Thursday, March 31, 2011

Day #170 Credibility

In 1938, Bodog F. Beck, M.D. and Doreé Smedley wrote Honey & Your Health. The subtitle was a nutrimental, medicinal and historical commentary.

Sounds great, eh?

They start out talking about the ways honey has been used in the thousands of years that people have known about honey.

Ø  A pot of honey on the breakfast table is one of the oldest traditions that is still in effect for many people.
Ø  Egyptian tombs show paintings of folks harvesting honey using smoke as an aid
Ø  Ancient Greeks thought regular eating of honey would help them to live longer
Ø  Ancient Romans held honey-harvest feasts, much like our modern-day Thanksgiving
Ø  Honey was often used as a medium of exchange, all the more reason to celebrate the harvest, because honey meant prosperity.

So far, all of this sounds credible. I haven’t gotten to the part yet about how honey is used successfully in the treatment of all sorts of medical conditions, although I’ve browsed through the book and found many statements I concur with.

But then, I glanced at page 80. “The average back-lot beekeeper of a small city or town harvests between fifty and one hundred pounds of surplus honey a season.”

That sounded about right. Beck and Smedley lost points with me, though, when they wrote that, in an area with abundant nectar plants, an industrious beekeeper, who was willing to learn the most up-to-date methods, could “increase this yield to two hundred pounds of honey a season per hive.” Maybe I’m overly pessimistic, but that sounds way too high to me.

They went on to say that under “special conditions and ideal management, the yield may be stepped up to three hundred or even five hundred pounds per hive.” Grrr! Do you know how hard a beekeeper would have to push a hive to get that much honey? Over-management is one of the factors in the Colony Collapse Disorder that’s been rampant in this country. European countries have not experienced CCD. Doesn’t that tell you something right there?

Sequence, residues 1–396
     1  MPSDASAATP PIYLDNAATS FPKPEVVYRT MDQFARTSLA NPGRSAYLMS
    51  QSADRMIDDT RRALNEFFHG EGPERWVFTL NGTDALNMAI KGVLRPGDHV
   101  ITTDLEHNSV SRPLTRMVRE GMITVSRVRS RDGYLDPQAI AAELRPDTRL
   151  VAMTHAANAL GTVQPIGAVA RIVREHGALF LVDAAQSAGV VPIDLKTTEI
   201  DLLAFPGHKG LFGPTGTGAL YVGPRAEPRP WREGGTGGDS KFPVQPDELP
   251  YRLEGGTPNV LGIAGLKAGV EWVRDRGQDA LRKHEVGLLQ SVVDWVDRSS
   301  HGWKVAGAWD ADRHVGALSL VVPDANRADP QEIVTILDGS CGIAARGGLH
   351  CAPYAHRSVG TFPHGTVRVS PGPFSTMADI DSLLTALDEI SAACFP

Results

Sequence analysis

Greedy people trying to get every possible dollar out of their hives ought to be strung up by their toes. A truly good management practice (respecting the natural way bees operate) gives the bees a break and results in a reasonable amount of honey per hive.

So, Beck and Smedley, I’ll read your recipes for good health and maybe follow a good many of them, but I’m going to ignore that other bunk you wrote.

BEEattitude for Day # 170:
       Blessed are they who give us a break and let us behave naturally, for their honey shall be infused with love and good health.

One thing Fran is grateful for right now:
       Singing with the Gwinnett Choral Guild    

p.s. I'll be teaching a seminar for Booklogix on April 16th. Here's the link to their April Seminars page:
If you can't attend in person, you can hook up to it as a webinar.

Wednesday, March 30, 2011

Day #169 Gotta Lighten Up

Okay. I’m tired of grumping about the rain and worrying about what it’s doing to bees throughout the area. And the birds shaking off their wet feathers and trying to find food. And the various animals, and people, too, who are caught unavoidably in the rain.

So, here are some pictures I took last week to remind us all that weather does change if we wait long enough.  

Delphinums as Epcot Center,  and

a friend I met underground at Animal Kingdom

BEEattitude for Day # 169:
       Blessed are the patient, for they shall eventually be recompensed.

One thing Fran is grateful for right now:
       The camera Millie loaned to me for my trip

And now a note about the devastation in Japan:
My good friend Doug Gazlay, who is a musician/writer/producer in Atlanta, has composed a "SongForJapan" to help raise money for relief efforts there. If you'd like to download the music from CDBaby, a hefty portion of the proceeds goes to a good cause. Here's a link to the song trailer.

Tuesday, March 29, 2011

Day #168 Rain, Rain, Rain

Other than a short break on Sunday, just long enough for me to dig up those hostas, it’s been raining since last Saturday, and I just read that it’s supposed to keep going, with thunderstorms no less, at least through Thursday.